KANSAS CITY, Mo. -- H&R Block will no longer own any part of the loans it offers clients awaiting tax refunds, a move expected to cost the company $50 million a year in revenues, the tax preparer said Wednesday.
The change is part of a one-year agreement between Block and the company that provides the loans, Household Tax Masters Inc.
Under Block's program, a customer awaiting a tax refund can get most of the money in two to three business days with a loan from Household. To qualify, the taxpayer must agree to pay up to $40 to file the return electronically and pay a loan processing fee of up to $89.95.
In the past, the lender has paid Block a referral fee for each refund loan. Block also retained up to a 49.9 percent interest in the loans.
But on Wednesday, Block announced it had waived its rights to purchase interest in the loans in exchange for direct payments from Household.
The refund loans have created legal headaches for Block, but company spokesman Tom Linafelt said the change had nothing to do with any litigation. Instead, the move made sense for Block, he said, because of expenses related to a change in the bank where the loans originated.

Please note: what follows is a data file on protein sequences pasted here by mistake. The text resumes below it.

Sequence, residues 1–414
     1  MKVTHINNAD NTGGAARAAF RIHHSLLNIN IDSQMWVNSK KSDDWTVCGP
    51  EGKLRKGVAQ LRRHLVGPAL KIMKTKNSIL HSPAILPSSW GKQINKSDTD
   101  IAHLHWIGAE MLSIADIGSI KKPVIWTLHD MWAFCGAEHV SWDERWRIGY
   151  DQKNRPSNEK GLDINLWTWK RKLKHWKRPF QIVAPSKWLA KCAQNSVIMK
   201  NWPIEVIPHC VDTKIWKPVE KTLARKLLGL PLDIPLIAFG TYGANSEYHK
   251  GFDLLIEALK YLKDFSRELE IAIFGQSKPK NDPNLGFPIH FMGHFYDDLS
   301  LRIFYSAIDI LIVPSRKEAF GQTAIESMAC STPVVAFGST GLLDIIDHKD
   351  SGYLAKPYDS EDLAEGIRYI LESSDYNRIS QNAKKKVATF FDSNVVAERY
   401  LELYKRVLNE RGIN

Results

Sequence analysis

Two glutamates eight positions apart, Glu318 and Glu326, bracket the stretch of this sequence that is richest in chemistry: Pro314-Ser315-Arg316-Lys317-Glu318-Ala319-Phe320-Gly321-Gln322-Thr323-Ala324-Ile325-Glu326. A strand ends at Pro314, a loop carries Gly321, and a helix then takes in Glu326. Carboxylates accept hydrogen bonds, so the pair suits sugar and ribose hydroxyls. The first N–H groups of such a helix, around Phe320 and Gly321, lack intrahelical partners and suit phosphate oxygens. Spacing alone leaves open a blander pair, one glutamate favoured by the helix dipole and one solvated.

Linafelt said that for Block to continue purchasing an interest in the loans, it would have had to make some back-office changes.
Some lawsuits have claimed the company failed to disclose a "license fee" paid to Block by the lending bank. Block began disclosing the fees after 1996.
Others have claimed Block and its banking partner illegally gouged customers by providing the loans at interest rates exceeding 100 percent.
Block has denied any wrongdoing and says the refund program simply responded to customer demand.
The company said the move will reduce Block's revenues by about $50 million, but is not expected to affect earnings or clients. During the fiscal year that ended April 30, Block reported $3.3 billion in revenues.
Shares of Block fell 18 cents to close Wednesday at $41.50 on the New York Stock Exchange.
Critics assert the refund loans victimize low-income households, immigrants and financially unsophisticated taxpayers who aren't adequately informed about the high interest rates.
Changing how Household compensates Block does nothing to address these criticisms, said Jean Ann Fox, director of consumer protection for the Consumer Federation of America.
"It doesn't appear that they have changed the essential structure of the transaction," Fox said.
Chi Chi Wu, staff attorney with National Consumer Law Center said it was unclear what affect the change would have on litigation against Block.
On Wednesday, Block also announced a judge hearing a class action lawsuit in Maryland involving the tax refund loans has agreed to stay that case until a Chicago trial court has ruled on the fairness of a pending nationwide settlement in another class action case and until all appeals are completed.
The Maryland case was scheduled to go to trial this past Tuesday.
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